• Video camera built into a purse.
  • Pinhole cameras. Literally how they sound — the lens fits through a hole, such as through a button in a GPS real timeshirt.
  • Small camera that fit onto a keychain. 
  • GPS device.
    Important Note: It is critical for a PI to understand and comply with state and federal laws regarding the use of such device to avoid charges of stalking and wiretapping.  eems so obvious, and yet there will be some renegade PI who uses a GPS illegally, gets caught, and is lucky if he/she only ends up paying thousands of dollars to an attorney to keep him/her out of prison.

All of the above covert devices solved cases, including several major ones.

And then there was the covert gear that bombed, for example:

  • A cigarette lighter with a built-in camera (we tried and tried to make it work, finally gave up)
  • A wristwatch with a built-in voice recorder (instructions were so complicated, and badly written, we finally returned the watch-device to its manufacturer).

Along Came the Smartphone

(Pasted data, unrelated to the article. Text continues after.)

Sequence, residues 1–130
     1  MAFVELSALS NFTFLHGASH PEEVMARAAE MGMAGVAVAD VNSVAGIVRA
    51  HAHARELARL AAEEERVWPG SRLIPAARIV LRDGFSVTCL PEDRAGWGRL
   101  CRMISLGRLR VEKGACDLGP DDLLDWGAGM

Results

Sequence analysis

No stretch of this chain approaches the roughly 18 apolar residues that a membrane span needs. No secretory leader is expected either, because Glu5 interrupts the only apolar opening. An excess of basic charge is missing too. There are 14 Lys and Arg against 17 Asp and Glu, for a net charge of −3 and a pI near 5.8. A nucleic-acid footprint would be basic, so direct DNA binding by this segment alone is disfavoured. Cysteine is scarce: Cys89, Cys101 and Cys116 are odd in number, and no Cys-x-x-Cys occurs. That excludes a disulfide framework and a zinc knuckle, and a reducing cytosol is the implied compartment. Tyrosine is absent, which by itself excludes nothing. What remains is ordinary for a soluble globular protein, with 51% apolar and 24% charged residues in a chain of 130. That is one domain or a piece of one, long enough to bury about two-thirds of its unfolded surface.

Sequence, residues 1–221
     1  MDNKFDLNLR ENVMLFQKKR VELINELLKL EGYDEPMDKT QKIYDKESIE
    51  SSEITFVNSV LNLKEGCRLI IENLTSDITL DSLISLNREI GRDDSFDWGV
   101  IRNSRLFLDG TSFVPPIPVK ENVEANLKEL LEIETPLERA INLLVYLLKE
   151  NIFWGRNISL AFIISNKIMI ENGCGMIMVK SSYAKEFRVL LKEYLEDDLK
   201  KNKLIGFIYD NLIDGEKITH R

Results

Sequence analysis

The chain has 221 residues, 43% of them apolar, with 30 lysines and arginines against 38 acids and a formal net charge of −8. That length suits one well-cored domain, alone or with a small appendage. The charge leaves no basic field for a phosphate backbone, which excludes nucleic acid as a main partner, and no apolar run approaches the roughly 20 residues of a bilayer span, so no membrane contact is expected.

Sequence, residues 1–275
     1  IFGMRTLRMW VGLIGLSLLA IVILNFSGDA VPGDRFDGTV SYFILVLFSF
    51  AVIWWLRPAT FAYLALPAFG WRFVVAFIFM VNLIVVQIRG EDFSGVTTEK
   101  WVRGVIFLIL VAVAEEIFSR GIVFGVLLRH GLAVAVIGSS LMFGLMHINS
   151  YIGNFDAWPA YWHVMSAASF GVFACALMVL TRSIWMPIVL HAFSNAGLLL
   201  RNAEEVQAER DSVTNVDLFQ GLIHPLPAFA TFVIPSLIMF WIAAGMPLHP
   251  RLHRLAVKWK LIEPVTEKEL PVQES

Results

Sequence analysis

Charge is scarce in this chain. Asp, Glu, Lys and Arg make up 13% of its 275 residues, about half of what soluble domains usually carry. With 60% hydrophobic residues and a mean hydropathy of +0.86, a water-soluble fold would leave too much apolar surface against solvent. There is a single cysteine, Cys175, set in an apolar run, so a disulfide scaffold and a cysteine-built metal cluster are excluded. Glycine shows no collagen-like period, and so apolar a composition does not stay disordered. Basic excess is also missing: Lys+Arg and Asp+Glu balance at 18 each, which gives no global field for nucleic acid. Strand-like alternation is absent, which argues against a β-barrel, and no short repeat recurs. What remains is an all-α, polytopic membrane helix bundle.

smartphoneIt’s ten years since we founded our investigations company. We’ve gravitated to different careers now (my then-partner-boyfriend is now my husband and a trial attorney again — I’m writing pretty much full-time, while periodically conducting an investigative task for my husband’s law firm and the occasional attorney-client).

When it comes to equipment these days, I grab my smartphone. It takes excellent photos and video, for starters, which I can immediately send to the lawyer. Other apps I use:

  • Flashlight app. Why carry a clunky flashlight when you can just turn on your flashlight app? I also have a flashlight-magnifier app that not only shines a bright light on the scene/object, which I can zoom in on if necessary, I can also capture the image and send it via email or other program to a client.